Thursday, 12 May 2011

Senate Inquiry into the Status of Koalas

When the federal government failed to decide whether or not to list koala as a nationally threatened species, Senator Bob Brown’s promised Senate Inquiry into the Status, Health and Sustainability of Koalas got underway on Tuesday, 3 May

By information tabled at the Inquiry it is suspected there can hardly be any more information left to dredge up for further scientific review. For over 25 years scientists have studied koala habits, habitat, health and requirements, and issues that affect them, while for the last 7 years the Australian Koala Foundation (AKF) has worked at reaching an accurate estimate of numbers remaining in Australia. By this research AKF has concluded a most positive estimate of 85,000 koalas remaining, with numbers likely to be closer to a lowest estimate of 45,000 animals. 

                                                                  Photo: P Edwards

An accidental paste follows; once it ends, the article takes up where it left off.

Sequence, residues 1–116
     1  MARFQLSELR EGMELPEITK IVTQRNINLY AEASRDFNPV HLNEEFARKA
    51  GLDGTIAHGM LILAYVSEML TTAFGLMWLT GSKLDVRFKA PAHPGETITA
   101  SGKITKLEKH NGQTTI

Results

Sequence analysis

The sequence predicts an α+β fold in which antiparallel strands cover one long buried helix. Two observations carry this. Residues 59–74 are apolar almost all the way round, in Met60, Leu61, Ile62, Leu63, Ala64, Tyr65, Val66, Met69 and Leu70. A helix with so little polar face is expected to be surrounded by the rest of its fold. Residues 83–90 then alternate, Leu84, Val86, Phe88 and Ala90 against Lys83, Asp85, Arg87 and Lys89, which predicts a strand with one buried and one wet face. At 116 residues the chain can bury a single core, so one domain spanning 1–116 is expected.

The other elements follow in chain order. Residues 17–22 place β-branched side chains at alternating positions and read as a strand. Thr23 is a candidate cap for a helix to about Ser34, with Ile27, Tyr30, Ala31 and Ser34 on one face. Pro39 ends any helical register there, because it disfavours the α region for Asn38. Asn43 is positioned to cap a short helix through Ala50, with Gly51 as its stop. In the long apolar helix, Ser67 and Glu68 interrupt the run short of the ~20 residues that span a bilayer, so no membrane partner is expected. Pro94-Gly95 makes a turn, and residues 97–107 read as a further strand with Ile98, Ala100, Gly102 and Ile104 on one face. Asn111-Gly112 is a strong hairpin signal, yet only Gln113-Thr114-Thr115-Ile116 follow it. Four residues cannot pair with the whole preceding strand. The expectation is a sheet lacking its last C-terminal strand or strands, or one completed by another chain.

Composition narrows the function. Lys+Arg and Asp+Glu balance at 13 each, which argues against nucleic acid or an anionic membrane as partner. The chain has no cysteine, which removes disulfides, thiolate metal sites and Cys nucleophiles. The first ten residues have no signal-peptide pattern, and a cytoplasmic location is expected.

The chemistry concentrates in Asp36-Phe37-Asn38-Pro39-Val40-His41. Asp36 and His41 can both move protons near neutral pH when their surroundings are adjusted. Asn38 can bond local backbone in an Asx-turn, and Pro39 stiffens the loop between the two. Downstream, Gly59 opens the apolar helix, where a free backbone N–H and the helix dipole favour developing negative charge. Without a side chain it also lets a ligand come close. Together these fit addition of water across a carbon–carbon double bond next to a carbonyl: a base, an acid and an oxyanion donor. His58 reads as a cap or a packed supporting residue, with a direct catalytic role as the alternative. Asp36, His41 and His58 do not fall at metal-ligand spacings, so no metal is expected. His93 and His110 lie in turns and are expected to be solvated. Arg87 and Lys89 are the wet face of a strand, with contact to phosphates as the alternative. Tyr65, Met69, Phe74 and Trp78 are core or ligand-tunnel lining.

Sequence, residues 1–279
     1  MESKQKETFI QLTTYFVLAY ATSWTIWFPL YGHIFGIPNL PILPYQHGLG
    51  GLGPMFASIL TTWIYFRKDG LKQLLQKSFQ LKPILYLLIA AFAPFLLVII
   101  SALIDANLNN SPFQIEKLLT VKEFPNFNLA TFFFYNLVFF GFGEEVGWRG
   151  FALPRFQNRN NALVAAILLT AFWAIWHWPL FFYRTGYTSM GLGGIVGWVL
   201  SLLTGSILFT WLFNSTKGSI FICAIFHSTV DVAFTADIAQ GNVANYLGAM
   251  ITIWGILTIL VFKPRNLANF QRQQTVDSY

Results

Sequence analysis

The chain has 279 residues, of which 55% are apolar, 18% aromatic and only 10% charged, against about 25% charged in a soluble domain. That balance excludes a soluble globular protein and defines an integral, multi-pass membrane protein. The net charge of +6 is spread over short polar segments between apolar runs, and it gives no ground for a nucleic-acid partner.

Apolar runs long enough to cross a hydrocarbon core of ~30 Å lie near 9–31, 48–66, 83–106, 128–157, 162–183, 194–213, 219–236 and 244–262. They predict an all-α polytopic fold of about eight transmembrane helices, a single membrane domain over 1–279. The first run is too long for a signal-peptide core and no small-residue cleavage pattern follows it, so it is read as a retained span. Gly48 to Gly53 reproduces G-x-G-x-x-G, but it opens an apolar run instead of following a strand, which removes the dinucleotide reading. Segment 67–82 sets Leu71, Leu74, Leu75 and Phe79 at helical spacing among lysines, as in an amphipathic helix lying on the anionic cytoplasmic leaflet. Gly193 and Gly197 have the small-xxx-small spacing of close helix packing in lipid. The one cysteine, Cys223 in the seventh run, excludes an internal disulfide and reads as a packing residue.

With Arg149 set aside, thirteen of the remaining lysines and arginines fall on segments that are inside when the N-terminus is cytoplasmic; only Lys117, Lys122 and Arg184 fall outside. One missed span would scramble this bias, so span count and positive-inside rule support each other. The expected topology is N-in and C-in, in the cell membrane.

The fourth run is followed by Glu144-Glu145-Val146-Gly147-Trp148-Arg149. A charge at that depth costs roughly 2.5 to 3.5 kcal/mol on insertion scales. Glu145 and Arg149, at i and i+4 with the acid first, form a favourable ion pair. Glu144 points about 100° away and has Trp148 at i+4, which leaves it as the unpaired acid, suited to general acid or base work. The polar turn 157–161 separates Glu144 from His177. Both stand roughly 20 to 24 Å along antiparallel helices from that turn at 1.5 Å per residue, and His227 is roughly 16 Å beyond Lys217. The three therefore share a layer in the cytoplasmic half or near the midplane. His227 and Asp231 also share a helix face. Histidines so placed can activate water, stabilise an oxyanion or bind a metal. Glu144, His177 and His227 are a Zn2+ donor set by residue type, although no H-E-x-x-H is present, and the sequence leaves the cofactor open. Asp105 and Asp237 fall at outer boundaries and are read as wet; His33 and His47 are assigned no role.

The only industry represented at the Inquiry was the Urban Development Institute, renowned for its statement that to list koala federally will threaten future development in Australia. While it is understood that industries operate by their own regulatory legislation, which does not include protecting koalas, AKF has called for the coal mining, forestry, coal seam gas, energy and road industries to be represented at the next hearing, to be held in Canberra, May 19th, so all points can be properly assessed and that clichéed “level playing-field” so frequently aired by industry groups can be finally attained.

A level playing-field is precisely the aim of conservation lobbyists, to replace the industry-weighted decisions that have weighed against koala and other wildlife species for far too long.

At the Inquiry the AKF laid its wishes on the line - no more research until the simple act of listing the koala and protecting food tree species occurs. Stop destroying koala food trees, and all negative issues will be resolved, then the process of unravelling the science can continue at leisure.  

As Senator Brown said on the day - “It is not the job (of volunteers) to protect the koala, it is the job of the Australian government.”

Amen to that.

              P. Edwards